College life can be one of excitement and self-discovery. At the same time, it can generate academic, emotional, personal, social, and even financial concerns. Although not uncommon, at times these concerns can make it difficult to succeed or function while at school. Counseling is an excellent way to address such concerns.
Counseling provides a safe and structured environment in which students can explore various aspects of their emerging adult lives - independence, values, personal goals, intimacy and friendship.
Our professionally trained counselors work with students whose concerns range from the every day challenges of college life to more disruptive psychological issues. Students wondering whether their concerns are appropriate to bring to the Center are strongly encouraged to make an appointment to talk with one of our staff.
Common concerns include:
Difficulty coping with emotions (e.g., depression, anxiety, anger)
Interpersonal and relationship difficulties
Health-related concerns (sexuality, alcohol, problems with eating or sleeping)
Concerns about academic issues (e.g., poor motivation, concentration problems, test anxiety)
Stressful/traumatic experiences (e.g., financial/legal problems, conflicts among roommates, friends, or family members, death of friend/family members).
For over 90% of the students we see, their personal problems have at least a moderate impact on their studies, even when academic concerns are not the main issue for which they sought help.
Counseling is only for people who have severe emotional problems.
Yes, counseling can help people with severe emotional problems. However, students seek counseling for a broad range of issues that may include personal development, stress management, or life circumstance problems.
Someone will find out.
All counseling services are confidential. The Counseling Center will not release information about students to family members, potential employers, or government agencies without a student’s written permission except where required by law, to protect the student or others from physical danger, or upon court order. No record of counseling is contained in any academic, educational, or job placement file.
My problems are too small/big for the counselor to help me.
The counselor is sensitive to the fact that any problem you are experiencing is important to you and is subjectively distressing to you. Depending on the type or severity of the problem, counseling can be very brief or take place over a period of time.
Only weak people need counseling.
There is nothing weak about participating in counseling. In fact, entering counseling can be the first step in confronting and solving difficulties, which is, in fact, a courageous thing to do.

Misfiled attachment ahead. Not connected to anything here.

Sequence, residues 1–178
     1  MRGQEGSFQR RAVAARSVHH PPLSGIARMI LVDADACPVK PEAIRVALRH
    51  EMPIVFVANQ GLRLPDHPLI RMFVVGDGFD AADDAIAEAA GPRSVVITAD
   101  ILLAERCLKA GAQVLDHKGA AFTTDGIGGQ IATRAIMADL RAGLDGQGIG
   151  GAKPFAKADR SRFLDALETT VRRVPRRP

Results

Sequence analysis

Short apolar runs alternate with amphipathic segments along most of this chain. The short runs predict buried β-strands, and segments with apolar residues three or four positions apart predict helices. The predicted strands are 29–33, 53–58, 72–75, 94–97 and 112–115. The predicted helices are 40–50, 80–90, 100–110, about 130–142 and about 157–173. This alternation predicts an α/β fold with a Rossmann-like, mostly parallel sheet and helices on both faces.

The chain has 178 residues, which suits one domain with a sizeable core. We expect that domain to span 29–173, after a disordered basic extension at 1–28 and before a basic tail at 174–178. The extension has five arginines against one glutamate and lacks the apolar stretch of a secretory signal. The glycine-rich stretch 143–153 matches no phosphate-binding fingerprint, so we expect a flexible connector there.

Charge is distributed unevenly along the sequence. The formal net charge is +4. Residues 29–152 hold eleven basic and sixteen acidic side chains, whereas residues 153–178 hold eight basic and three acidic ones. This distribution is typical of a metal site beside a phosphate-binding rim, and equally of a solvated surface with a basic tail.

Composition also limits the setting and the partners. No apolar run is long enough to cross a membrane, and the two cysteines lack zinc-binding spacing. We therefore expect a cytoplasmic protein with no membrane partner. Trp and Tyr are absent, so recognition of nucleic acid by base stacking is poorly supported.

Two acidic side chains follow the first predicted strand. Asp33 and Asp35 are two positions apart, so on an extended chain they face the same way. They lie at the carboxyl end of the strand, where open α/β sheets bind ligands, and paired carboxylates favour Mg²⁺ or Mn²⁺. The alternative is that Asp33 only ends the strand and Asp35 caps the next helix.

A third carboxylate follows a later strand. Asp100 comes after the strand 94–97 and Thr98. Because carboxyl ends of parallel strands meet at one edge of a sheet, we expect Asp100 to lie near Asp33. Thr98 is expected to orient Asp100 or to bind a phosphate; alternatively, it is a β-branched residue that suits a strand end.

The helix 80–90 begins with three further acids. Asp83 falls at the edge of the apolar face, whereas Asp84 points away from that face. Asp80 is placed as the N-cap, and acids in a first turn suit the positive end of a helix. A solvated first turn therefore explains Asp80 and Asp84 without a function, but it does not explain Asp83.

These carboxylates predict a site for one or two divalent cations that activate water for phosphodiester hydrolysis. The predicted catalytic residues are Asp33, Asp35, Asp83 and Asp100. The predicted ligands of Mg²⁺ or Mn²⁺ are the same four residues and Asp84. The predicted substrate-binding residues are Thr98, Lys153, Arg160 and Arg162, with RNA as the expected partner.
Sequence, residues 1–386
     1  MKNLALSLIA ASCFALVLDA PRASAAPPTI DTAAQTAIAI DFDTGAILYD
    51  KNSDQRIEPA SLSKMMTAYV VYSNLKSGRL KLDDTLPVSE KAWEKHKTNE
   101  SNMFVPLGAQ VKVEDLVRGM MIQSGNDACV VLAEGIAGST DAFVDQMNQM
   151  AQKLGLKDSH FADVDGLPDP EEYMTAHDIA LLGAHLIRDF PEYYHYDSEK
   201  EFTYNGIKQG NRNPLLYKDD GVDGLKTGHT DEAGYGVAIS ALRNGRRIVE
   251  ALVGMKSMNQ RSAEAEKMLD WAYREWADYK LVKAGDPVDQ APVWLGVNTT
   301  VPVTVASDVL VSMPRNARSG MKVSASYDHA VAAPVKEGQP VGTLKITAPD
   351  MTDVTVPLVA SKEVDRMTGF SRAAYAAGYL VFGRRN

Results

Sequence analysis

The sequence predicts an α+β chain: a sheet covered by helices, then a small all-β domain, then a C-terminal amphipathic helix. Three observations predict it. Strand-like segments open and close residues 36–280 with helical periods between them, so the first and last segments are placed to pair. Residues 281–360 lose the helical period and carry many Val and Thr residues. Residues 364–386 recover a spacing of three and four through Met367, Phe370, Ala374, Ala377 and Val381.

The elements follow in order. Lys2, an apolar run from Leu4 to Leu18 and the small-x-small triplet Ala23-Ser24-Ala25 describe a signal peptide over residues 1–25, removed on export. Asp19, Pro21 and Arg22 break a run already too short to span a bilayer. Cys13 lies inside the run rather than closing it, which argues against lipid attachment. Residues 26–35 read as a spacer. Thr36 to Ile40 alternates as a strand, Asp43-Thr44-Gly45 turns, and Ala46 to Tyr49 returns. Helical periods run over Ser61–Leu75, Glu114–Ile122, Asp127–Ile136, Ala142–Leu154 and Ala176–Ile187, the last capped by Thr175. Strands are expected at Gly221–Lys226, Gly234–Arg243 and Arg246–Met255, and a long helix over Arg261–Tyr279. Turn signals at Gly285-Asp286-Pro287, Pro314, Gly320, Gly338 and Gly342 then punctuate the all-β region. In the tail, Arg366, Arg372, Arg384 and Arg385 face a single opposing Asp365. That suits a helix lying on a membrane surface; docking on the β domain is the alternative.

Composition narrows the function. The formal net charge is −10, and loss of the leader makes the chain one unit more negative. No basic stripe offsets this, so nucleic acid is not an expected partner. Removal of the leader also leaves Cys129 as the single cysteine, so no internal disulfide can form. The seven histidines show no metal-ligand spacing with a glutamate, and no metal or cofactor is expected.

The counselor can’t understand you unless she/he has had similar experiences or is from the same background.
Counselors are trained to be sensitive to and respectful and valuing of diversity including individual differences related to gender, race/ethnicity, religion, age, sexual orientation, and socioeconomic status. Your counselor may not have had the same experiences as you, but will be compassionate, respectful, and unconditionally supportive.
Scope of Services
Washington College’s Counseling Center is structured to provide short term counseling. The duration of treatment varies according to students’ needs, but counselors work to provide relatively brief treatment in order to facilitate adjustment, successful functioning, problem resolution, and symptom relief as soon as possible. A short-term approach also enables the Center to offer services to as many students as possible. All services are provided without charge to students and are confidential. All information remains in the Center and is not shared with parents, faculty or other staff of the College without written permission from the student.
Group Counseling Proves Highly Successful
Research and our own experience reveals the power of group counseling in addressing many of the most common core themes and clinical concerns found in a college setting. Throughout the academic year, you will receive announcements about new groups that are forming. If you have an idea for a particular group, please feel free to let us know!
Faculty, staff and family members are often in a unique position to assist students in distress. Unfortunately, many students fail to get the professional help they need. The Counseling Center staff welcomes the opportunity to consult with families or members of the campus community to assist you in your work and interactions with students.
The Counseling Center is available to respond to crises and critical incidents affecting the Washington College community. Some examples of emergencies include, but are not limited to the following:
when students are thinking about harming themselves or others,
when students feel unable to function,
when students have experienced a traumatic event, or
when members of the campus community are seriously concerned about a student’s welfare or safety.
If the emergency is life-threatening, call 911 or go to the nearest emergency room.
During Business Hours (Monday-Friday 8:30 am to 4:30 pm)
Call 410-778-7261 or come to the Counseling Center at 300 Washington Avenue, in Queen Anne and let the receptionist know this is an emergency. Do not use email in an emergency situation. If you or someone else is in physical danger, call Public Safety at 410-778-7810.
How To Access Services
Call 410 778-7261 or email firstname.lastname@example.org to make an appointment. We will also respond to calls and contacts throughout the summer.
Location: Queen Anne House adjacent to Health Services
Hours: M-F 8:30 a.m.-noon and 1-4:30 p.m.
By appointment only